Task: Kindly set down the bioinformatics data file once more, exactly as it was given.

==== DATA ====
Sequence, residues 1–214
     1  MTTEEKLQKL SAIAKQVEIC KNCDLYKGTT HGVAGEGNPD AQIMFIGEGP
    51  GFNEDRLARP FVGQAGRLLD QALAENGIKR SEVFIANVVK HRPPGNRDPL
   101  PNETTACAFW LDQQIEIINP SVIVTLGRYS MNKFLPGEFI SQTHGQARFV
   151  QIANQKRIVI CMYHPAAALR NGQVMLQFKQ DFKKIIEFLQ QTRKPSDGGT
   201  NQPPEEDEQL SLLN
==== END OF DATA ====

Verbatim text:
Sequence, residues 1–214
     1  MTTEEKLQKL SAIAKQVEIC KNCDLYKGTT HGVAGEGNPD AQIMFIGEGP
    51  GFNEDRLARP FVGQAGRLLD QALAENGIKR SEVFIANVVK HRPPGNRDPL
   101  PNETTACAFW LDQQIEIINP SVIVTLGRYS MNKFLPGEFI SQTHGQARFV
   151  QIANQKRIVI CMYHPAAALR NGQVMLQFKQ DFKKIIEFLQ QTRKPSDGGT
   201  NQPPEEDEQL SLLN